First off if your divorced friend wants to come over, I'd be happy to have her. I do address hosting in my post soon. I wrote this up at one time, but Michal has made into serial novel. Makes for an interesting angle, I'm at a cliffhanger at the end of each series and I wrote the posts! I do have to wonder why one would question if I invite people just because I first described my and friend's pain in not getting invited. I specifically discussed my involvement in the community so that it would not be suggested that we are 'takers' by wanting to be extended hospitality since I/my friend are known to frequently help others. I do realize readers haven't seen my full write-up yet, but why jump to this assumption?

    I do offer hospitality through the shuls I'm a member of. I am open to having people over most weeks since a friend (or 2 or 3) and I usually are going to be doing our own thing anyways so I don't mind having people fill the rest of the space at my table. I have had very poor luck directly inviting people outside my little circle of friends when I ask in way in advance. But I do often get asked to host people at the last minute (ie. late Thusday night or Friday afternoon) that find themselves without plans. People do frequently come back to my home, but only as last minute request through hospitality, not when I extend a direct invite. So it can't be that I'm such a terrible hostess if I get frequently return guests—it's more like they are hoping for 'better' but will settle.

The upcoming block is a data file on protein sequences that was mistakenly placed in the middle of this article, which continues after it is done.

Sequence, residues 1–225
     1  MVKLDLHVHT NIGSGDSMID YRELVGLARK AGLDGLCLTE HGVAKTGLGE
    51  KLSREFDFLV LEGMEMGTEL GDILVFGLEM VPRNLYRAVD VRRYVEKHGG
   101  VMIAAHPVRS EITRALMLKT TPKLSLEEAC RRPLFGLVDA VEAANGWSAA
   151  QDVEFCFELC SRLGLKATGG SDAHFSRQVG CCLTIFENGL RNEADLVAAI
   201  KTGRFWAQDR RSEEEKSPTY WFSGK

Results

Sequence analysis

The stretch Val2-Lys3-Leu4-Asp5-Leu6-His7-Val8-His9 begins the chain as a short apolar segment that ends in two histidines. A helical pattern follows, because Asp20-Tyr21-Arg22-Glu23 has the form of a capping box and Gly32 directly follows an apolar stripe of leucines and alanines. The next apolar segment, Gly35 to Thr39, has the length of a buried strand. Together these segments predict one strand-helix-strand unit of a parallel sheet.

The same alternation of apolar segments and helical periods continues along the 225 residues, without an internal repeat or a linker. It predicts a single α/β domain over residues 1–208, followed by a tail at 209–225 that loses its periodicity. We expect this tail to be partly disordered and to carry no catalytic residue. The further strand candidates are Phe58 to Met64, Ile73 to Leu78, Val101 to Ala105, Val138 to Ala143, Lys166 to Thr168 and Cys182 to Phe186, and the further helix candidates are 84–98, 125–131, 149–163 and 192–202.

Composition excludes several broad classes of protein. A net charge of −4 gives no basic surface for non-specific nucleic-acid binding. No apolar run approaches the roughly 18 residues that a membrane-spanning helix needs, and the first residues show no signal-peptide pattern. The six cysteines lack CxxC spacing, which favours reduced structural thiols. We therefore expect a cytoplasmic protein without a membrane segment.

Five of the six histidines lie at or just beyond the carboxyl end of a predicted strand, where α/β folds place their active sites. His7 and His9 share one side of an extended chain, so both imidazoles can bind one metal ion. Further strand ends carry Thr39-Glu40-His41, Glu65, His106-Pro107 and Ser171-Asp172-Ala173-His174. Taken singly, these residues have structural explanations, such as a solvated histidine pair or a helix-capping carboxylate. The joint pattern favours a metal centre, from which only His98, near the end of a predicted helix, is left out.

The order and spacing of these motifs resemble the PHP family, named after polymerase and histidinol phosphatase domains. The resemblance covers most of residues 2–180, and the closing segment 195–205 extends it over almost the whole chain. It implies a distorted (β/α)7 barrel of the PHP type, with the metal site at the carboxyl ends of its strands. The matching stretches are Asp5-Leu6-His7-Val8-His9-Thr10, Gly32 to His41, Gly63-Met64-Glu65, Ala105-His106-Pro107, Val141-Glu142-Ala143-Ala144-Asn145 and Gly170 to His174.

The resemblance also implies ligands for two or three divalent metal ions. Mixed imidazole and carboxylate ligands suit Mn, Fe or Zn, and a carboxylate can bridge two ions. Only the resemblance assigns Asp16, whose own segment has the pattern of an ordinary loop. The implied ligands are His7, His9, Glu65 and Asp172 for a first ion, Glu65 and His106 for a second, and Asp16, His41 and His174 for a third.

Like Michal, I've had a number of experiences where other singles are no shows or cancel at the very last minute if they get a 'better' offer. Very discouraging. When multiple people pull this for a meal, they are wasting my $$ and it's very embarrassing in front of other guests that were expecting there to be more folks. I end up having leftovers I can't eat all, as some foods just don't freeze well so they get tossed. I have cut back on being so fancy as I'd prefer as I'd rather not waste.